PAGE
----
In the late ’80s and ’90s, Loraine Rashida Sawyer sold her homemade cakes to local restaurants, the Ben & Jerry’s storefront on Cayuga Street in Ithaca, and at the Ithaca Farmers Market under the name Rashida’s Deluxe Baked Goods.
Her cakes were well-received, and she enjoyed tinkering with the recipes to get everything just right.
But after years baking for an enthusiastic community, she decided to step away from the business and focus on raising her family. Now, nearly two decades later, the family has come together to revive Loraine’s legacy with the launch of Rashida Sawyer Bakery.
“She’s our primary baker, obviously, and we all take our cue from her,” said K.C. Sawyer, owner of Rashida Sawyer Bakery and Loraine’s son.
Everyone spends time in the kitchen, but they have divvied up the rest of the responsibilities to reflect individual talents. His cousin, Jennifer Phelps, has a knack for cake design and presentation. K.C.’s wife, Shaina Sawyer, handles marketing and social media.
“I have an IT background, so I’ll do the website and design,” K.C. said. “Jon [Phelps] works with Jennifer and consults with her. And, of course, my dad [Csiko Sawyer] is the consultant-at-large.”
K.C. said he enjoys being a part of the bakery with his family.
“We all have careers that we have to do, but there’s just something about this that’s just fun,” K.C. said. “When we had our first cooking session, everyone was having a good time. My wife enjoyed it. My cousin, who does her cake design, was just having fun, showing us how to do her flowers.”
The bakery’s guiding principle is a simple question: does it taste good?
“You get the smile on people’s faces, and it’s not fake,” K.C. said. “The proof is when you put the cake out there and it doesn’t last.”
They avoid elaborate designs, tiered cakes, and fondant, instead focusing their energy on what is inside. The flavors are all familiar and classic - cheesecake, carrot cake, chocolate cake, and pound cake - but years of methodical revisions and taste-testing have made them stand alone.
“Our recipes are extremely unique,” K.C. said.
He has traveled extensively in his career as an IT professional, so he said he is confident in this assertion.
“I’ve been to 45 of the 50 states and the recipes that she has – you can’t find them anywhere,” he said. “The reason for this is that she takes recipes and then perfects them.”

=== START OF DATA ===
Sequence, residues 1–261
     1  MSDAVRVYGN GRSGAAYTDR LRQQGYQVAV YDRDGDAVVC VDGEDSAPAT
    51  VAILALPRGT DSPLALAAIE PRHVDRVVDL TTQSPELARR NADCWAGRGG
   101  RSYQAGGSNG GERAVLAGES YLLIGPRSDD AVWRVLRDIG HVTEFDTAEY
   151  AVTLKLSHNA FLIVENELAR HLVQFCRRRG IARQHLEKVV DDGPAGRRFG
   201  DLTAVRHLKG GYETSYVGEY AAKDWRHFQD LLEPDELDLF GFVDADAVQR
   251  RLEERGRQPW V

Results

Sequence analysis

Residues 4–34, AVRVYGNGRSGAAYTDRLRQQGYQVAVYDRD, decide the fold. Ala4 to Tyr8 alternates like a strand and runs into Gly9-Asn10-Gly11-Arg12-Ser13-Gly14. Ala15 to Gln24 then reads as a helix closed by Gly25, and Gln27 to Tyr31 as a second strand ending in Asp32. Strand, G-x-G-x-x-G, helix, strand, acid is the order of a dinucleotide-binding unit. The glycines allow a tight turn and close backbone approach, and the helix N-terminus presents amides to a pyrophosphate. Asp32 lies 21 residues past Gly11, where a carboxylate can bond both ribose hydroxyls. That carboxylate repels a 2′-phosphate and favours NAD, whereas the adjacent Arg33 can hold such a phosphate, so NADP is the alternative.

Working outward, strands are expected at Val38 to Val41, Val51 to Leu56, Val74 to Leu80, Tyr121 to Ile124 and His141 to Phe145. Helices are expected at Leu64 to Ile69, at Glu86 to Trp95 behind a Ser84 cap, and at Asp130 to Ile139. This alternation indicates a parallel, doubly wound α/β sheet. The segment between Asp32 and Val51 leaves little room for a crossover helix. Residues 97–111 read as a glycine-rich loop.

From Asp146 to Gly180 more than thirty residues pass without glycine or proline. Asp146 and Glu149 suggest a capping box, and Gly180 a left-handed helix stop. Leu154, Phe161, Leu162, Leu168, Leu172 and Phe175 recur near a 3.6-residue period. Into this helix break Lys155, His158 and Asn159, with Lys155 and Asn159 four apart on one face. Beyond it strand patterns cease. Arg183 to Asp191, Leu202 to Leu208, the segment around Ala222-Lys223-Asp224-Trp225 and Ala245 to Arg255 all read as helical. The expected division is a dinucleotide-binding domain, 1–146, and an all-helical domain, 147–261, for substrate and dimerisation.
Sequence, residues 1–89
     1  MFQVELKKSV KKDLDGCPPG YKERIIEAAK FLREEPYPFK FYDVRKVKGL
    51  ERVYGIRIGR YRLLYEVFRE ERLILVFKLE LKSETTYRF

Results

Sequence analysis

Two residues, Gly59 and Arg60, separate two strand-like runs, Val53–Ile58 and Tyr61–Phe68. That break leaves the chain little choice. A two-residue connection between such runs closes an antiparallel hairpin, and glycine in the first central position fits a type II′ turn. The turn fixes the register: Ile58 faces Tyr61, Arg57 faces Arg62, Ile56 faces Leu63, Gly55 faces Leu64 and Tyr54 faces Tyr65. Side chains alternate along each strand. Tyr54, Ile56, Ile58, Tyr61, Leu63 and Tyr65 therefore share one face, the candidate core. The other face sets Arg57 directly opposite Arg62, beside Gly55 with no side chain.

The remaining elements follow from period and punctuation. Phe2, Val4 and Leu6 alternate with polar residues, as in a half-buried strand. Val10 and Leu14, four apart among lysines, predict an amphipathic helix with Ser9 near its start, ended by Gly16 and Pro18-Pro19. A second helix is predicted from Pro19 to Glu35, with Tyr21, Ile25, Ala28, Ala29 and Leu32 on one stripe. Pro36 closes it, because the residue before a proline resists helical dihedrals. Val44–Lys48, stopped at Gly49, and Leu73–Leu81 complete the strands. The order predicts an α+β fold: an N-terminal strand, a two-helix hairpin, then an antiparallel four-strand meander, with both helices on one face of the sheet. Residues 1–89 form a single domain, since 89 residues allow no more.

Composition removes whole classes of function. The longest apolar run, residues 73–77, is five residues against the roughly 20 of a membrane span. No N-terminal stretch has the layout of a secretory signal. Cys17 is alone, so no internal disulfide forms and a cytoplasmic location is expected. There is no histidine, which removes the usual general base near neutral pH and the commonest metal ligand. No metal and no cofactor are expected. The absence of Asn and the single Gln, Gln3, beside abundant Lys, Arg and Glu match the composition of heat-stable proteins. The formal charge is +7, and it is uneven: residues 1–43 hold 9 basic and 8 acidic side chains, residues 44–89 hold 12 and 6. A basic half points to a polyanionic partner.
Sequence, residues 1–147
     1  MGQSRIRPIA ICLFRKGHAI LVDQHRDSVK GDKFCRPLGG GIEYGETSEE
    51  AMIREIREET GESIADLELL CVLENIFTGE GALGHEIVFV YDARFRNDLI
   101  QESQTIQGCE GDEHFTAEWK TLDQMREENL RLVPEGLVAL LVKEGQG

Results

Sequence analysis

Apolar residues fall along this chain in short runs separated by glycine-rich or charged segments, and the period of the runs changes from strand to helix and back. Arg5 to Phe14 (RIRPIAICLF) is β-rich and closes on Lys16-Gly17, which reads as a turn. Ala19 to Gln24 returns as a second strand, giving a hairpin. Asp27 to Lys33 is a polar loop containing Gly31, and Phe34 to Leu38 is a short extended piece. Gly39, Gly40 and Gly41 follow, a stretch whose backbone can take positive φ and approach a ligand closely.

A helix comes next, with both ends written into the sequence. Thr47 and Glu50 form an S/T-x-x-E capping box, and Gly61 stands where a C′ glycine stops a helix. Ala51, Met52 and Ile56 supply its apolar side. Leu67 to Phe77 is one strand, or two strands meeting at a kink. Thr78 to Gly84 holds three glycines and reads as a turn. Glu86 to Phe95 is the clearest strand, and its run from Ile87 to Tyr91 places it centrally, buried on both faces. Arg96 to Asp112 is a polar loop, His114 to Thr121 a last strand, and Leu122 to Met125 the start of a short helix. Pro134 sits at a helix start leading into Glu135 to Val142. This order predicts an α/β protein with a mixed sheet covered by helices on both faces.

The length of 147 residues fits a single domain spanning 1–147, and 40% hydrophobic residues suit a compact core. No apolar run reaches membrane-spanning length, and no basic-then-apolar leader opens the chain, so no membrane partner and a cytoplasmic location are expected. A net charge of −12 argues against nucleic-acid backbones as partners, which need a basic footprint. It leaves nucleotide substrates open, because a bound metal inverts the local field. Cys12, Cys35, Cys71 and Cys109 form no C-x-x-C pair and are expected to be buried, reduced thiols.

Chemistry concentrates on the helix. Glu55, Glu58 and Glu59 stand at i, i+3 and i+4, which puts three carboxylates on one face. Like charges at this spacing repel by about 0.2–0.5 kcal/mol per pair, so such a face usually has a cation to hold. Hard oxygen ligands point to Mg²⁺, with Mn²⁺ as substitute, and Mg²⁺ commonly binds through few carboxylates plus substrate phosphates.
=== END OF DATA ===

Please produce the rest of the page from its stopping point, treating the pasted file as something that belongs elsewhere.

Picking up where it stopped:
Loraine said she likes crafting recipes from food she has loved in her experience.
“Most of the recipes are a collection from when I tasted people’s food,” Loraine said. “I don’t like carrot cake, but when I tasted rosemary carrot cake, I was sold. So, my recipes are the best of the best.”
However, it does not end there.
“She’s a tinkerer,” K.C. said. “I’ll ask ‘hey, what’s the recipe for this?’ She’ll say, ‘Here it is.’ She gave me the whole [recipe]. It was all printed out. And the first thing she tells me is, ‘now don’t look at anything on there. Here’s how I do it.’”When asked to elaborate on what makes her carrot cake so unique, she said, “I can say what’s not in it. The pineapples and coconut and whatever else they put in there – that’s not in it. It’s just simple.”
With that said, simple can be delicious.
“We just want it to taste good,” K.C. said. “We’re a bit pricey because we always use premium ingredients.”
This means fresh carrots for the carrot cake, for example. It also means choosing ingredients for quality over convenience or price.
“One of the brands we had been using for graham cracker crust changed, and it was very noticeable,” K.C. said. “It didn’t meet the standard of the cake, so she meticulously sought out a replacement that now works for our recipe.”
For now, they are baking out of the Varna Community Association’s
Commercial Kitchen. K.C. said the space is well-equipped and was an affordable option for a business just starting out.
“Our goal is to eventually be able to open a storefront, to be able to hire people and bring people in who need jobs,” he said.
K.C. particularly hopes to offer employment to formerly incarcerated individuals, especially minorities who struggle to find employment when returning to the workforce. He said he was inspired by one of his cousins, who owns Styled by Shanique in Syracuse and is following her dream.
“We want to be an inspiration for minority entrepreneurs,” K.C. said. “I think that minorities - and anyone, for that matter - sometimes don’t realize that their simple gifts and talents can turn into big and rewarding careers. So, I hope that, one day, someone can look at us, regardless of background, and feel inspired to start a business.”
Rashida Sawyer offers cakes for delivery and pickup. Orders for full cakes can be placed through its website, rashidasawyer.com, and must be made a week in advance. Partnerships with Ithaca To Go and Doordash allow customers to order slices for immediate delivery on Thursdays through Saturdays.Rashida Sawyer will be participating in Bite of Ithaca on Thursday June 20 through Saturday June 22 with $5 Bites available at the Hilton Garden Inn between 6 - 10 p.m.
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